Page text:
What are the Two Common Misunderstandings About Traumatic Brain Injuries

Traumatic Brain Injury Infographic with StatisticsBrain injuries are much more common than we suspect. The simple act of “getting your bell rung” in an accident may cause serious brain injury. It’s quite common for clients to called me after a crash and downplay brain injury symptoms because they believe it’s something that should clear up on its own.

There are two common misunderstandings about brain injuries. The first is that you have to lose consciousness. You don’t. After an accident, most don’t know whether they lost consciousness or were simply stunned, dazed or confused. This is especially true in a car crash when the airbags come out, which is a startling, forceful event by itself.

The second common misunderstanding is you must suffer a blow to the head in order to have a brain injury. While a blow to the head commonly leads to a concussion and other brain injury symptoms, you can receive injury to the brain without being hit in the head. The rapid back and forth motion of the head many people experience in a car accident, a cycling crash or fall, common whiplash, may cause a brain injury. The forceful movement of the head in an acceleration/deceleration motion causes the brain to crash into the front or back of the skull forcefully. It’s the forceful jostling of the brain against the skull which can result in damage to the brain neurons leading to brain injury.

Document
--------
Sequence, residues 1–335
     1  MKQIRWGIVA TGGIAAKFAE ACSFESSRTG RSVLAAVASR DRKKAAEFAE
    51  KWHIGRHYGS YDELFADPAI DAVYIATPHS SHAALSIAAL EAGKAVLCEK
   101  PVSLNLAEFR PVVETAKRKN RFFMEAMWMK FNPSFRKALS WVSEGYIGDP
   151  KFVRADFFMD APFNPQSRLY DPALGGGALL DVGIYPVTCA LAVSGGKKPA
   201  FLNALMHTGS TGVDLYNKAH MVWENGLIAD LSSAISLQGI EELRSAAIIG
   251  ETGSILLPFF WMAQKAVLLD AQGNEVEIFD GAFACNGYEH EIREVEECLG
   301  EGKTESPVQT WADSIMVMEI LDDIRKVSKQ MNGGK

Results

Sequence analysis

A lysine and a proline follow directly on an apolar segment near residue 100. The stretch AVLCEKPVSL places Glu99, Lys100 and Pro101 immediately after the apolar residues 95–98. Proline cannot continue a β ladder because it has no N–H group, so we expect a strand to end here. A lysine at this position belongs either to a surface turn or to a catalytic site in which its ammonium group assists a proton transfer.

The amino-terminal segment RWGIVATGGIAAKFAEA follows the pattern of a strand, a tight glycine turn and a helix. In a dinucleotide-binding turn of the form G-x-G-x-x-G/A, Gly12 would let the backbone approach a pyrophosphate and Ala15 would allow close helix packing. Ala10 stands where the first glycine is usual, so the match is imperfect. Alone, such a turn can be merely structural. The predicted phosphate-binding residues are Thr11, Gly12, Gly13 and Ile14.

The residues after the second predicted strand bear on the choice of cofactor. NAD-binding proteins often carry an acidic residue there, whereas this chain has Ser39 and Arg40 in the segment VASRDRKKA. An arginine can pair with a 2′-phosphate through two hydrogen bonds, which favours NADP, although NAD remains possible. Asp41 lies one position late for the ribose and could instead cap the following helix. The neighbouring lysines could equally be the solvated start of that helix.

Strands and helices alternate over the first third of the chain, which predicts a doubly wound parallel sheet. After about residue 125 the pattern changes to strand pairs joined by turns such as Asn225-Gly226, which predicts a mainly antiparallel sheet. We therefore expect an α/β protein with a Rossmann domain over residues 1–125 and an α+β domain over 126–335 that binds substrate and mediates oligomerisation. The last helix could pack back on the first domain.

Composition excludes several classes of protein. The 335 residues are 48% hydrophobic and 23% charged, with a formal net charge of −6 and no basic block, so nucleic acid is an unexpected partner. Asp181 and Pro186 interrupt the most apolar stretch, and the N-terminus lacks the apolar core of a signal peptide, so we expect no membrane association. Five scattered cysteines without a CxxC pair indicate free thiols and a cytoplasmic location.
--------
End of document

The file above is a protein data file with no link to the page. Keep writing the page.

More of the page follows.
When someone suffers a loss of consciousness, loss of memory of events either before or after their accident, have an altered mental state (dazed and confused), or any type of nerve injury, these symptoms should be reported to a doctor and closely evaluated. Never assume they will go away on their own.

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